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School Receives New Gadgets

School Receives New Gadgets
Students of Labasa School for Special Education on May 17, 2017. Photo: Shratika Naidu
May 18
19:24 2017

Labasa School for Special Education is the third school to receive Fijian-made Braille eye-slates to improve literacy for visually-impaired students.

The devices were invented by the University of the South Pacific School of Engineering and Physics.

Labasa School for Special Education’s Savita Devi (left), Minister for Education, Heritage and Arts Mahendra Reddy, Joshua Navitalai (second from right), five-year-old Ardash Narayan (front) and University of the South Pacific School of Engineering and Physics senior lecturer Utkal Mehta (right), during the handover of braille eye-slates on May 17, 2017. Photo: Shratika Naidu

Labasa School for Special Education’s Savita Devi (left), Minister for Education, Heritage and Arts Mahendra Reddy, Joshua Navitalai (second from right), five-year-old Ardash Narayan (front) and University of the South Pacific School of Engineering and Physics senior lecturer Utkal Mehta (right), during the handover of braille eye-slates on May 17, 2017. Photo: Shratika Naidu

Yesterday it was handed over to the school by the Minister for Education, Heritage and Arts, Mahendra Reddy.

“We as a society need to rise up and support our children’s social needs,” Mr Reddy said.

“I would like to thank the researchers at USP and Mr Mehta for taking this technology to the socio sector.

“Rarely do we see technological developments done to advance and improve the vulnerable in the society.”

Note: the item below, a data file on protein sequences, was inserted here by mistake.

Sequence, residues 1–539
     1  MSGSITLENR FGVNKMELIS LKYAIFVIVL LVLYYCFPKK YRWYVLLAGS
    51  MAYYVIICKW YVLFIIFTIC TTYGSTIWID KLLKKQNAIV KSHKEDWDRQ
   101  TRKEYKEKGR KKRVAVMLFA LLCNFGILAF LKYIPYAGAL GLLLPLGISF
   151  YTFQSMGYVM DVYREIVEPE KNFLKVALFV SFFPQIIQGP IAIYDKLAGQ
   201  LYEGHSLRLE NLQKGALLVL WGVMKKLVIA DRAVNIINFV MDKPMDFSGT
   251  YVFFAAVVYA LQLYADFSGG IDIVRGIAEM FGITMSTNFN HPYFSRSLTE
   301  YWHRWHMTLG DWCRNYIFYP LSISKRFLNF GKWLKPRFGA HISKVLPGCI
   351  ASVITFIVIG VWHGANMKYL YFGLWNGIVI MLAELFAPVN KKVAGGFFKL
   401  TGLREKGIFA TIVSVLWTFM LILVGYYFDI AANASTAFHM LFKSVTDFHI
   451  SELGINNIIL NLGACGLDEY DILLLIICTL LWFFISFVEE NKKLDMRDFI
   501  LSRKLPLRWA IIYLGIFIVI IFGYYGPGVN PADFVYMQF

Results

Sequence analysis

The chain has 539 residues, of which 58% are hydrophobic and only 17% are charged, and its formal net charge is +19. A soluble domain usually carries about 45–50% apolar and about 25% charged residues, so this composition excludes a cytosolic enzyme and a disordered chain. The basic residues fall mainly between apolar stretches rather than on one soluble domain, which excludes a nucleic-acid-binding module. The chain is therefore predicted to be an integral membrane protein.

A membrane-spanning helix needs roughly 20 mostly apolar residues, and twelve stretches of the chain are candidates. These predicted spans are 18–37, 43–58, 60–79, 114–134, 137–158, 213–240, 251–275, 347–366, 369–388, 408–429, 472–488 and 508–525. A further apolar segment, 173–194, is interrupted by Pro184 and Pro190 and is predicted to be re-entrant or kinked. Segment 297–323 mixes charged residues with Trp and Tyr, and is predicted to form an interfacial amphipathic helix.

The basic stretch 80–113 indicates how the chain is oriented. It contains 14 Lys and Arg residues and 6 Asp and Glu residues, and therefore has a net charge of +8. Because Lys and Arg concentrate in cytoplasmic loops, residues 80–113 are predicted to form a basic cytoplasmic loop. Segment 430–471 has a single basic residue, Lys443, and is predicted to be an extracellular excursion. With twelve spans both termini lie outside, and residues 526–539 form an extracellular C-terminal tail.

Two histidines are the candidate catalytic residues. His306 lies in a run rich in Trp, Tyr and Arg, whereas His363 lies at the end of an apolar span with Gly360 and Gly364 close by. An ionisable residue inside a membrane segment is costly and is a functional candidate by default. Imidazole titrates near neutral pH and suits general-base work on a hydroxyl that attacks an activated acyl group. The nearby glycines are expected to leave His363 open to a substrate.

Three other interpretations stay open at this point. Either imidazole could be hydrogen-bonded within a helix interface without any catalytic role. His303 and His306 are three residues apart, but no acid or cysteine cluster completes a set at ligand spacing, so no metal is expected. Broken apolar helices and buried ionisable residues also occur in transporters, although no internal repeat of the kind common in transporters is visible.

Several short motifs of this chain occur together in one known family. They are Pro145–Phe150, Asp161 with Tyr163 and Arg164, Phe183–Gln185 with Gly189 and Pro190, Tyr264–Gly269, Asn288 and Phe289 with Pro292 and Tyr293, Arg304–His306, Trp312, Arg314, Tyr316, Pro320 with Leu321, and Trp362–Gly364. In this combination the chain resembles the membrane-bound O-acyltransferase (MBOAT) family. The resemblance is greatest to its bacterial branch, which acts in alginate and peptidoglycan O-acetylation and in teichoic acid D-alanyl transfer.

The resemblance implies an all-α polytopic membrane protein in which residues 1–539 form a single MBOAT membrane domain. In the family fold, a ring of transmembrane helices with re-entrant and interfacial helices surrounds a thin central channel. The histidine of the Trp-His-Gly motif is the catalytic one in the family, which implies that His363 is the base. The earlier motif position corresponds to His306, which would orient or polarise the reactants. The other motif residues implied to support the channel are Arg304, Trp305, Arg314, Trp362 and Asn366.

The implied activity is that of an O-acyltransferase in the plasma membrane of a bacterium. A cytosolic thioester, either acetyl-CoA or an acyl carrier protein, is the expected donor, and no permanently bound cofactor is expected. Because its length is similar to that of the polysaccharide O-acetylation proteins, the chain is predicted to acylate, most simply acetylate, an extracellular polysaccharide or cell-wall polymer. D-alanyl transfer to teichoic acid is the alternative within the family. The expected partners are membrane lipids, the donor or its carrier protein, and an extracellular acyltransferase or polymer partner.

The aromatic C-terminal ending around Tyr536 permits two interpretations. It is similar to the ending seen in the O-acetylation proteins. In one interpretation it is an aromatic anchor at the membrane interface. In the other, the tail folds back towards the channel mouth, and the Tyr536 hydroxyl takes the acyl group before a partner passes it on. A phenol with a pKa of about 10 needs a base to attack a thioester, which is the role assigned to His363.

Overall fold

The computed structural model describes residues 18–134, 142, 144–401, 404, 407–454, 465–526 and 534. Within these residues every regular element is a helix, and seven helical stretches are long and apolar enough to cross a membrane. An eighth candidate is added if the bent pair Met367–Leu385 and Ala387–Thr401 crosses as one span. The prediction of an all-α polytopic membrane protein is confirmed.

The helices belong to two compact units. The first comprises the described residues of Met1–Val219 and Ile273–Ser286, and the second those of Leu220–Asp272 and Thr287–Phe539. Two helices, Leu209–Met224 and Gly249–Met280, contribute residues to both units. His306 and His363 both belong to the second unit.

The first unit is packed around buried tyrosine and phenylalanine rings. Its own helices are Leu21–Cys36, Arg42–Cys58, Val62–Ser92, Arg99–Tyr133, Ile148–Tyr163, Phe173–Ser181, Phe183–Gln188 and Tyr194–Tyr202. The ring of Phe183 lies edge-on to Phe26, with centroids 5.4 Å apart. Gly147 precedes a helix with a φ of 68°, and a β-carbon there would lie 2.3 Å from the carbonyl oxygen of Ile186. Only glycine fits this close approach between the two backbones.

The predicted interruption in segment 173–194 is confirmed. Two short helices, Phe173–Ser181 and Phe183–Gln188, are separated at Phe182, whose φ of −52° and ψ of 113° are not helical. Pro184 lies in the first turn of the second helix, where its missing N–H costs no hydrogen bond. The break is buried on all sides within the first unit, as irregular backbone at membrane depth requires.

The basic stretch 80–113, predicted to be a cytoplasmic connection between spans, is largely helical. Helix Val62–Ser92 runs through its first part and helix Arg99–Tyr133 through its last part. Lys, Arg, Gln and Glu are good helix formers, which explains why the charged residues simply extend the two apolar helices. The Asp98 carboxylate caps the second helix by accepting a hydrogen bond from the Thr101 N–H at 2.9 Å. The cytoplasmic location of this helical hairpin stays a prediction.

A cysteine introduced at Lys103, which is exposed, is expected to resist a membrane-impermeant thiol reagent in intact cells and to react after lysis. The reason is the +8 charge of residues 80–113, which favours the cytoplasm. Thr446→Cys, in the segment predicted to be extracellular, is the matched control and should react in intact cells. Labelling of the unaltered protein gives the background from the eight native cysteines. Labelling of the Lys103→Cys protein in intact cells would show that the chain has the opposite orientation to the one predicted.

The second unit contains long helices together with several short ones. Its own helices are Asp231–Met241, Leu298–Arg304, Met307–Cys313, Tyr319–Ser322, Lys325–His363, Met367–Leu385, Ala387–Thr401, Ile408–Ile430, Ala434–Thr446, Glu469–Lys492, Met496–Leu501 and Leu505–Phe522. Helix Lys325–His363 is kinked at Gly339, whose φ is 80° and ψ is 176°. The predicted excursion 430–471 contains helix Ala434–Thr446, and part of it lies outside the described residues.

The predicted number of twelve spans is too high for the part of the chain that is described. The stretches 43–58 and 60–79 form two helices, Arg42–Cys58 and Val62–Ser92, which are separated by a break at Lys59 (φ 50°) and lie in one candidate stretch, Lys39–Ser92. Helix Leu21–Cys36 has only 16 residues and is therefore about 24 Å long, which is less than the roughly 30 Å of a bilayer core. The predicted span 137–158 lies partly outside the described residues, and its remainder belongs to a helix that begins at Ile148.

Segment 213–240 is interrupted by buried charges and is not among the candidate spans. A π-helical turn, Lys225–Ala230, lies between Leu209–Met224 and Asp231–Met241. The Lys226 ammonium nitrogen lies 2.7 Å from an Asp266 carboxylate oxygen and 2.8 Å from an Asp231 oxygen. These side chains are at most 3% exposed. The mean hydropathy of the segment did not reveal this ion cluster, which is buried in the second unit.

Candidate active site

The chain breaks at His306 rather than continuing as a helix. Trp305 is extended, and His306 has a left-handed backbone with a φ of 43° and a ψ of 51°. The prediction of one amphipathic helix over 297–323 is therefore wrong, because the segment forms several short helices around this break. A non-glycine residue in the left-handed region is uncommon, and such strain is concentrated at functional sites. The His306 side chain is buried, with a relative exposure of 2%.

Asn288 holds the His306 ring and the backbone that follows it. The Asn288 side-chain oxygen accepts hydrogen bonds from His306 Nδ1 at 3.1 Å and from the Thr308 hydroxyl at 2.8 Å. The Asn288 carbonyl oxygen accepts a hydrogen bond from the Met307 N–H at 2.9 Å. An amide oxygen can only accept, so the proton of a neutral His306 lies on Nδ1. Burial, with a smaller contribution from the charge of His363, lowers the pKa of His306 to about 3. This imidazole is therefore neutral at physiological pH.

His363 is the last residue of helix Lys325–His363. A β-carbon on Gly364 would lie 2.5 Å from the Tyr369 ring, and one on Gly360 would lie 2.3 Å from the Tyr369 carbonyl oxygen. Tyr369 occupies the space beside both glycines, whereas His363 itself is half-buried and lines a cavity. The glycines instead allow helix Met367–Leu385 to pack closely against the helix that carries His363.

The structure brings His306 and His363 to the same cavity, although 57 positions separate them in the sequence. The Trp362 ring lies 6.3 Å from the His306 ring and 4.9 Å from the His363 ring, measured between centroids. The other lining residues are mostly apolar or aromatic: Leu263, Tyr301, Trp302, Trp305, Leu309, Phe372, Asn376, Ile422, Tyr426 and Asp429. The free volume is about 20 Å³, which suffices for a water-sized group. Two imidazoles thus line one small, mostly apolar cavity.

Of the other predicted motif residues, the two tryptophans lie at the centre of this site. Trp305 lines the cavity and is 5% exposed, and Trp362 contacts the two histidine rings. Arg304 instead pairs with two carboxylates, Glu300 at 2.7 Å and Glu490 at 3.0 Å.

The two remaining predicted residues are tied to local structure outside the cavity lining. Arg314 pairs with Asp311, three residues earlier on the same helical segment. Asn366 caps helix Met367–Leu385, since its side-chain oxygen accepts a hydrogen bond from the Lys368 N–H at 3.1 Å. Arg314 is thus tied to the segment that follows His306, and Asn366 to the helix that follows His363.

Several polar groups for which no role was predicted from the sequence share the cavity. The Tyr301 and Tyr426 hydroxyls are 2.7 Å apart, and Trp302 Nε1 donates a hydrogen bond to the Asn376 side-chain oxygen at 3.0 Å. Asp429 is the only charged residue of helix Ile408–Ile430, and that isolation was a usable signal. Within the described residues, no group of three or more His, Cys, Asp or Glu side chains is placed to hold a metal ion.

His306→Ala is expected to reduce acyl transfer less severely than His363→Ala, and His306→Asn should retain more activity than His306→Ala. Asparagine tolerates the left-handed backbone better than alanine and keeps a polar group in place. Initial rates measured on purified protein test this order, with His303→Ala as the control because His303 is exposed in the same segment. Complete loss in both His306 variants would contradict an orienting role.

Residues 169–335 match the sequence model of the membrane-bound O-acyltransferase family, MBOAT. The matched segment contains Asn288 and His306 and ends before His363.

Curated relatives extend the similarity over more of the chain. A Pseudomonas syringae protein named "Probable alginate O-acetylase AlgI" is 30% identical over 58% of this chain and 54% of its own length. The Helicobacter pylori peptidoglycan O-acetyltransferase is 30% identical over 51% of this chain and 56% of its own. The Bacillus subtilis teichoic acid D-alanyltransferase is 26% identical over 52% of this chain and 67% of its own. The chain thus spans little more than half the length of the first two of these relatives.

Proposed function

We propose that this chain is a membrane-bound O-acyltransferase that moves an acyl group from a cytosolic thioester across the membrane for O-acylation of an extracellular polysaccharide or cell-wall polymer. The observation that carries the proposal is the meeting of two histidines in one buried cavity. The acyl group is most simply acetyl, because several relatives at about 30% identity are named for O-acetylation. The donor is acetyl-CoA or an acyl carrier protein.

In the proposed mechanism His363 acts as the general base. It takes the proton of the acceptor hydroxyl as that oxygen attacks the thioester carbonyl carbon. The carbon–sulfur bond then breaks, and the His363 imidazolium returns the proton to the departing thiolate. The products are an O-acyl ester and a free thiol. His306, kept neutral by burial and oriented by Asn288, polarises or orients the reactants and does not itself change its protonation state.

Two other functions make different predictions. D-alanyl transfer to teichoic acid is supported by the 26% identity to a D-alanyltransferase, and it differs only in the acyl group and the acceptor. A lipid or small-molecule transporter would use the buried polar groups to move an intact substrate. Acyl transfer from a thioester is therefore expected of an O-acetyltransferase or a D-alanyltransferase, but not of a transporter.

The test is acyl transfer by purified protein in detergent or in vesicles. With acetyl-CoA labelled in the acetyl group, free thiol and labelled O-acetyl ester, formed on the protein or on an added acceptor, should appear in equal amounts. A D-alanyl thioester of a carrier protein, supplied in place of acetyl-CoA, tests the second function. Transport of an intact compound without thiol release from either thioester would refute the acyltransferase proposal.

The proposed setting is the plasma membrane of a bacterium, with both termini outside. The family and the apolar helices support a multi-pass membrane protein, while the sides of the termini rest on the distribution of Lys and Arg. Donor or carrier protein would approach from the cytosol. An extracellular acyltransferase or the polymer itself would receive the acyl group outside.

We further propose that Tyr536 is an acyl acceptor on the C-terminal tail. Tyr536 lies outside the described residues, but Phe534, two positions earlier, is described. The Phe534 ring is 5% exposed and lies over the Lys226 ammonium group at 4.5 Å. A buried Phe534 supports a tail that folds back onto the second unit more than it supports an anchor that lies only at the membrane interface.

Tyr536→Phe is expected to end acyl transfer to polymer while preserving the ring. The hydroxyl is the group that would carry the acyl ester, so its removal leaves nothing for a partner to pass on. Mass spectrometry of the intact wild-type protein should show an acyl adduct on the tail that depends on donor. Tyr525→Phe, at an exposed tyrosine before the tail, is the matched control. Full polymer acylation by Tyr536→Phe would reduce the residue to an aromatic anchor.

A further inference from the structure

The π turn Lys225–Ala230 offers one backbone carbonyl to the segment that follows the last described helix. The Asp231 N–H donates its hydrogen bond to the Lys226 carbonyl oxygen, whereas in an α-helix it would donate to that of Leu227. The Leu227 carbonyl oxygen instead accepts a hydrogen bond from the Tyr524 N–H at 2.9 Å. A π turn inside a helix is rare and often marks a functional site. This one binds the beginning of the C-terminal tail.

University of the South Pacific School of Engineering senior lecturer Utkal Mehta said the device was easily adapted for children, it is battery-operated and programmable having three modes.

“The project was initiated to meet USP’s strategic theme which addresses students with special needs in early 2016,” Mr Mehta said.

“USP provided funding to migrated barriers that are linked to learning and teaching Braille to blind children.”

Surveys were conducted with special schools and stakeholders.

“A more effective and low cost electronic device named braille eye-slate was invented to introduce Braille to young children who are visually impaired.

Five-year-old Ardash Narayan of Vunivau, Labasa who is visually-impaired said he was very happy to have access to the device.

“I have a hope that when I grow up I can communicate like anybody else,” Ardash said.

Twenty-year-old Savita Devi of Seaqaqa said she has gained more confidence to living her dream.

“I am a second year student of the University of the South Pacific Labasa Campus and I am pursuing a Certificate in Office Management,” Ms Devi said.

“Although I cannot see I am happy that at least I can use this device to assist me in completing my education so that I can graduate without any difficulties.”

Labasa School for Special Education head teacher Mukesh Chand thanked USP and Mr Reddy for their support.

“We would like to thank you for considering donating this device to our school that will surely benefit our students,” Mr Chand said.

Edited by Rusiate Mataika

Feedback:  shratikan@fijisun.com.fj

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